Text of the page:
Today, January 21st, is a watershed date for many Nintendo fans. This marks the 15th anniversary of the original release of Super Smash Bros (Nintendo All-Stars! Dairantō Smash Brothers) in Japan. Little did we know just how important the Smash Bros. series would become over time and multiple systems.
Even though it’s beloved among the fans, the original Super Smash Bros was an uncertain quantity during its early days. Under the direction of Masahiro Sakurai and developed at HAL Laboratory, the game’s beta took on the form of Dragon Fighters: The Video Game, starring a clutch of generic fighters in a four-player fighter. In his spare time, Sakurai replaced the generic characters with (surprise) Nintendo characters, in order to add some personality. Nintendo approved of this change, and the game saw it’s release as a Japan-exclusive in January 1999. But why would such a novel concept be considered to remain Japan-bound?
See, before it could come to the west, Nintendo of America had reservations about the game’s image. Was it wise to release a game starring Nintendo’s mascots battling each other? Fortunately, the strong sales of the game in Japan encouraged the western branch of Nintendo to bring it on over. And luckily, it was a big hit. Alternatively, the sight of Nintendo’s big stars duking it out succeeded partly due to the novelty. For the first time, you had a game that collected characters like Mario, Link, Donkey Kong, and the newer Nintendo all-star Pikachu all in the same room together. It may have looked ugly graphically, but people still took to the madcap multiplayer action. It remains a point of fondness for Nintendo 64 owners 15 years later.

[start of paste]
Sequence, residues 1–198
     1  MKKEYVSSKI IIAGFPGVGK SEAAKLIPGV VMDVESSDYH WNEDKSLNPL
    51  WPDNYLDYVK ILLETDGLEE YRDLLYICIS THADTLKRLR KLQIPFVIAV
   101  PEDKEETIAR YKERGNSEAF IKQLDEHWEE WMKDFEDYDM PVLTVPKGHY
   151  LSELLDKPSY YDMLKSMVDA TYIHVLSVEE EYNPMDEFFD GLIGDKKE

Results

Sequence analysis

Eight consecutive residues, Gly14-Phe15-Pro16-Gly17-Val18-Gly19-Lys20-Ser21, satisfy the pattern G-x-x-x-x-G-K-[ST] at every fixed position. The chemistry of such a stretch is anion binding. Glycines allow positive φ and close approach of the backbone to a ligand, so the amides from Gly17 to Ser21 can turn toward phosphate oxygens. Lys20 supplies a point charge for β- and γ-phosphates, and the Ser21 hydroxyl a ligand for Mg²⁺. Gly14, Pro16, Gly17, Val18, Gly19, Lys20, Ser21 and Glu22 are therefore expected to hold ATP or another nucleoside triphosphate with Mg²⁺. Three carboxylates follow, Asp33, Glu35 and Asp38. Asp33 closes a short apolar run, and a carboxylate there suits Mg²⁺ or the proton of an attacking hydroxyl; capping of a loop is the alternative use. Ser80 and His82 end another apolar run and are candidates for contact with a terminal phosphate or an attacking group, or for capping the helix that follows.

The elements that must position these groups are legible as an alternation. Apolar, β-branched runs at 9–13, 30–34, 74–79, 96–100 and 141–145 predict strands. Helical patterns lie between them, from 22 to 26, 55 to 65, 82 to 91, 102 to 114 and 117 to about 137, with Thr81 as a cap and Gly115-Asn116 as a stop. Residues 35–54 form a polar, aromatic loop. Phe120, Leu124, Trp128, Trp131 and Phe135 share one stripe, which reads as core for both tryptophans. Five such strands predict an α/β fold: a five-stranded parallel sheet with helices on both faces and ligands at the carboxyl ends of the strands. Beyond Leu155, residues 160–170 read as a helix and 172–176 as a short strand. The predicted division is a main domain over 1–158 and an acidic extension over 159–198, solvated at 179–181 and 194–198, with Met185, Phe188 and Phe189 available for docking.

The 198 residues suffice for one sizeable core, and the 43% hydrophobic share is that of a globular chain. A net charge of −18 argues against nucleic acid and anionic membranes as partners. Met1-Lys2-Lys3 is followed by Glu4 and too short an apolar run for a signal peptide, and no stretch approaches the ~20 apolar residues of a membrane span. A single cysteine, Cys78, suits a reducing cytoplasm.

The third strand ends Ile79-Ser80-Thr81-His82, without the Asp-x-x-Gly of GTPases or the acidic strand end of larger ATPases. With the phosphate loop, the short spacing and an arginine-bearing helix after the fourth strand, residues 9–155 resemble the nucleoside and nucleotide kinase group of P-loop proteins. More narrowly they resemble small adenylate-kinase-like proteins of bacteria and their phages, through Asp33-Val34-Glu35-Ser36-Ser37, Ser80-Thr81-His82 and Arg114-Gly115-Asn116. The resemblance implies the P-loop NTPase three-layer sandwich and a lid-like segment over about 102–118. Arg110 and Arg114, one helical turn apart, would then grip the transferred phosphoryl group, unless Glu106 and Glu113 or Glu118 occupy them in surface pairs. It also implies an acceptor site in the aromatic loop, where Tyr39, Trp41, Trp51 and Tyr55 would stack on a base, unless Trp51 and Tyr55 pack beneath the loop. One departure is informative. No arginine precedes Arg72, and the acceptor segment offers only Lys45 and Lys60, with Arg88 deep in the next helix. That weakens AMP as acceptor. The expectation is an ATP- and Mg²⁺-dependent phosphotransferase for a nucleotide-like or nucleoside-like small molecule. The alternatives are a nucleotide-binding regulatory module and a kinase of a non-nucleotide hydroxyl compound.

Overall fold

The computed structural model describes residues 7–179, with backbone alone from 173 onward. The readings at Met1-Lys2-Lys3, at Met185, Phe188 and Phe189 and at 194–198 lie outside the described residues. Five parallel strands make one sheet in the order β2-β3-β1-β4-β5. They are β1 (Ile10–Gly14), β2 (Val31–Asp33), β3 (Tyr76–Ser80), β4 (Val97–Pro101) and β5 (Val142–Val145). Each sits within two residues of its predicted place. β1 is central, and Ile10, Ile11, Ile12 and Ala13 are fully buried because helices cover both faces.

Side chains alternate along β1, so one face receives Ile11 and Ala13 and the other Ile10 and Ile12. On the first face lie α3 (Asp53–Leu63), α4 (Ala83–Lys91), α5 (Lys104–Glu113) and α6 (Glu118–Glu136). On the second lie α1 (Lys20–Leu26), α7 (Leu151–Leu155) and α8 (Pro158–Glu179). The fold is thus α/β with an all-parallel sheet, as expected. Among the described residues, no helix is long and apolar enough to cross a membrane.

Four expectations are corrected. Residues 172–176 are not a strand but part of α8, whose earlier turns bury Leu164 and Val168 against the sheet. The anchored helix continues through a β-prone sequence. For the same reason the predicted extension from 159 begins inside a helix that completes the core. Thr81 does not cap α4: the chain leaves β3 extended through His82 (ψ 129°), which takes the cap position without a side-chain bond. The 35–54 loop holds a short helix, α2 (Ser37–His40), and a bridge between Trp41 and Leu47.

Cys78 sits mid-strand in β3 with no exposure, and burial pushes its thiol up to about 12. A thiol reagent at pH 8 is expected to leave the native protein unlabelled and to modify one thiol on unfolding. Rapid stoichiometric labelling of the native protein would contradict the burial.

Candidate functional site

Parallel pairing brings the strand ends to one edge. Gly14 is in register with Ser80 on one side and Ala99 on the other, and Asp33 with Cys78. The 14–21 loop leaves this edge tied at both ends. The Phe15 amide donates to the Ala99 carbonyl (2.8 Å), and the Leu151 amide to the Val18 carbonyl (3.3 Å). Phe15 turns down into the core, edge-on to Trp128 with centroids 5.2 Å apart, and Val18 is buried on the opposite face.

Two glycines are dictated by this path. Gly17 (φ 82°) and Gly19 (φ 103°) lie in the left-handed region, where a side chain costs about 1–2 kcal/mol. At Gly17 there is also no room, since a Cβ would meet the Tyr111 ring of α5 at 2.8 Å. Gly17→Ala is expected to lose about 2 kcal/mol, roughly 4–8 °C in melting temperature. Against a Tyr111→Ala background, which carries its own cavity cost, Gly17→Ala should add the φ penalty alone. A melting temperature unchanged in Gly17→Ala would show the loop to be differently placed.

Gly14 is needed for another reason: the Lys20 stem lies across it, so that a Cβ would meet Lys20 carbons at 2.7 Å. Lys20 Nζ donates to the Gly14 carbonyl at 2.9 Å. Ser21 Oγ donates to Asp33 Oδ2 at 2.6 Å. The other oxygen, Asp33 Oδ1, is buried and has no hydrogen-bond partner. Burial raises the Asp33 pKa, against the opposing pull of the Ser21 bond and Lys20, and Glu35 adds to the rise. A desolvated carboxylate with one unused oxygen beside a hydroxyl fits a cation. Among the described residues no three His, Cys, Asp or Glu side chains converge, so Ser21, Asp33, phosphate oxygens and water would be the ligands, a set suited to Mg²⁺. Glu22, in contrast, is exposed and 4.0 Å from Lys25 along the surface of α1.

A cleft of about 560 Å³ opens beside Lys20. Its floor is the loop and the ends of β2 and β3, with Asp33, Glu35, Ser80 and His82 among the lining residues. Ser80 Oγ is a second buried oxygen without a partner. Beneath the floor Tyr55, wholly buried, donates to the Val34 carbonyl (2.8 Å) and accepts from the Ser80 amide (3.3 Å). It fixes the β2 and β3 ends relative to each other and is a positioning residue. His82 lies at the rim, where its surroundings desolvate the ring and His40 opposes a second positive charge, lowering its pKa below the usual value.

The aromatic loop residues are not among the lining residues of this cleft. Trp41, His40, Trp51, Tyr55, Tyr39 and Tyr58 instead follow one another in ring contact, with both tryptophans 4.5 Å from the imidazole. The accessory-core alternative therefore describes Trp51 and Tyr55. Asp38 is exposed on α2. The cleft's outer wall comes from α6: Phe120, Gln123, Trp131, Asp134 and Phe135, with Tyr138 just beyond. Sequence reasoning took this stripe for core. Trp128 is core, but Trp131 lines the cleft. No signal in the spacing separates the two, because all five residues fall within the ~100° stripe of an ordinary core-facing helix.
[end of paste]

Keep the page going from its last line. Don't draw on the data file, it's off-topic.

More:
Today, the original N64 title is cemented as a classic, and was joined by two sequels: Super Smash Bros. Melee on the GameCube in 2001, and Super Smash Bros. Brawl on the Wii. Beyond these increasingly impressive sequels, there’s a burgeoning tournament scene built around the series. For a series conceived to exude a party-game atmosphere compared to other fighters, Smash Bros has deep fighting-friendly mechanics, such as wave-dashing. Last year saw a record-breaking live-stream of Melee at EVO, narrowly avoiding its cancellation by Nintendo itself.
Mr. Sakurai is currently supervising the development of Super Smash Bros. for Wii U and 3DS with Namco Bandai. They are expected sometime in 2014. Heaven knows Nintendo needs these games badly to boost sales (at least on Wii U). They are purported to boast some form of connectivity to each other, aside from expected new characters in the roster, such as Mega Man and the benign Animal Crossing Villager.
Super Smash Bros. remains a top-draw series from Nintendo, always running the risk of sucking attention away from their other, perhaps newer titles. People to this day run back to their Nintendo 64’s to romp around with friends. Some even consider it their favorite Smash Bros., above the sequels that added more characters, stages, and content. That’s surely the best success of what began as a gleeful experiment and turned into a video game phenomenon.